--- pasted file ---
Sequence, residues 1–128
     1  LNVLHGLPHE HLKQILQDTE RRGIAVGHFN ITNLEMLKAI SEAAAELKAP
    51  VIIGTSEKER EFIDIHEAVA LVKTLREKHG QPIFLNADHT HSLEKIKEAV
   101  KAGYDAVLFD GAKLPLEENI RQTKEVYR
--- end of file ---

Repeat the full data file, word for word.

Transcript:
Sequence, residues 1–128
     1  LNVLHGLPHE HLKQILQDTE RRGIAVGHFN ITNLEMLKAI SEAAAELKAP
    51  VIIGTSEKER EFIDIHEAVA LVKTLREKHG QPIFLNADHT HSLEKIKEAV
   101  KAGYDAVLFD GAKLPLEENI RQTKEVYR